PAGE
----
There’s no half star available on the rating scale here – I’d really put this book around 3.5 stars.
I liked this book and the slice of history it represents. One of my favorite parts of this book is the way it ties together the other things that were happening at the time when the game in question was set to go off. Historic context is very important. It’s also fascinating to draw parallels to things that still happen today, around 100 years later.
I did struggle with the way the story flow of the book was chopped up. The author went backward and forward across the time line even in the same chapter and more than once it pushed me out of my momentum so it took longer to read than it might have otherwise.
I find this book more interesting based on the simple fact that I, and my parents and my sisters family, live very near where these things took place. When I mentioned this book or folks in this area saw the cover they generally had some knowledge already about the famous Jim Thorpe. There is a lingering sense of pride even after those same 100 years and all the related issues.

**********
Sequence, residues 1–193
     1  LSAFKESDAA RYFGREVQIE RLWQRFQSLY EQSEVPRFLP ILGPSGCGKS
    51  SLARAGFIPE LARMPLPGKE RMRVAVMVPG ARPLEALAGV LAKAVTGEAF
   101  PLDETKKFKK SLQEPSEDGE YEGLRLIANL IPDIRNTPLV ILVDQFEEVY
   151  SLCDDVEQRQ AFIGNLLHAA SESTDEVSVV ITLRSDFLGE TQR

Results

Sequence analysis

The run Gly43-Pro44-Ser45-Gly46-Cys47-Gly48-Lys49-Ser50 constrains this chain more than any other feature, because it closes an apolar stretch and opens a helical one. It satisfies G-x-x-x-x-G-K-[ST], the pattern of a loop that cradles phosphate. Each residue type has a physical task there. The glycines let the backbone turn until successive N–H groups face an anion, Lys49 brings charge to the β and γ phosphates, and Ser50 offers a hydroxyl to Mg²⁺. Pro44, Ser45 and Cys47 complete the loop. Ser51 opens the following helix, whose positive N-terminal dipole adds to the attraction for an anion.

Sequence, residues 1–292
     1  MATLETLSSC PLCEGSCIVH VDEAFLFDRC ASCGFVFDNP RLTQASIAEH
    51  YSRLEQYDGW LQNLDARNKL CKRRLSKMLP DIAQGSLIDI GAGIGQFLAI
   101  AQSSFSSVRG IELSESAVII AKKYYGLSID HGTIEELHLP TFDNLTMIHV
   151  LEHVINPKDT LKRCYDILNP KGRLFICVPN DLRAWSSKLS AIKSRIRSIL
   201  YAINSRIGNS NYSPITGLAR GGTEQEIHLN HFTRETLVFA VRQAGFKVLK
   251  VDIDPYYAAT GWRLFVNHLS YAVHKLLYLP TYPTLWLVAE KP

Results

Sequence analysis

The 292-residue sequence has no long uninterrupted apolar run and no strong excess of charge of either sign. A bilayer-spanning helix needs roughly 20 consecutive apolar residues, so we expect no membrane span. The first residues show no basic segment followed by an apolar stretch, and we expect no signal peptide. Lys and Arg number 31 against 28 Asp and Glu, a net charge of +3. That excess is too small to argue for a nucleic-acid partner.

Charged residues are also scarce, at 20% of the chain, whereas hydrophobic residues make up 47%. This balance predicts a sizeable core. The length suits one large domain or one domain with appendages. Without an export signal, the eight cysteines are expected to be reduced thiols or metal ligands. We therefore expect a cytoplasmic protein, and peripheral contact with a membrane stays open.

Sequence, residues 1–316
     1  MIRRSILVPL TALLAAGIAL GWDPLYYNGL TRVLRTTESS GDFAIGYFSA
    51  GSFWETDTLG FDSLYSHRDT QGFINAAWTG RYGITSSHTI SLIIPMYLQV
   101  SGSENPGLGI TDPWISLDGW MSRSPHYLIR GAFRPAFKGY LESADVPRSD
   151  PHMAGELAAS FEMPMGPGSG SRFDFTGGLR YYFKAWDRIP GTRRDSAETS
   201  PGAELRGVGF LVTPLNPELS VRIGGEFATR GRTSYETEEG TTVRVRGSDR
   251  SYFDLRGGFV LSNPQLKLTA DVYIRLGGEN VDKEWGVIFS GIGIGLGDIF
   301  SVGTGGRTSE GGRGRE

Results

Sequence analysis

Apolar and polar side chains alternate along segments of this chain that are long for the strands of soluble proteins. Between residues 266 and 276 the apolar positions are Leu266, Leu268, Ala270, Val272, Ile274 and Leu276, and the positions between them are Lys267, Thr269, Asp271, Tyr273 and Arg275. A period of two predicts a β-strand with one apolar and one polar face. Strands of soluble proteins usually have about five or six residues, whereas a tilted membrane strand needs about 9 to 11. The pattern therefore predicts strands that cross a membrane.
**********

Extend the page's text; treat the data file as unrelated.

IF you happen to be near the central Pennsylvania area you will find this book of interest. Some of the places mentioned are still around. If you’re a fan of football as it is played today, it is worth digging into this story to get a sense of why the game is what it is and how we’ve landed where we are. I’ve heard other versions of Pop Warner’s story, not in connection with Jim Thorpe and it interests me to see the contrasts. A different view point is always good to have. I Recommend this book based on those particulars.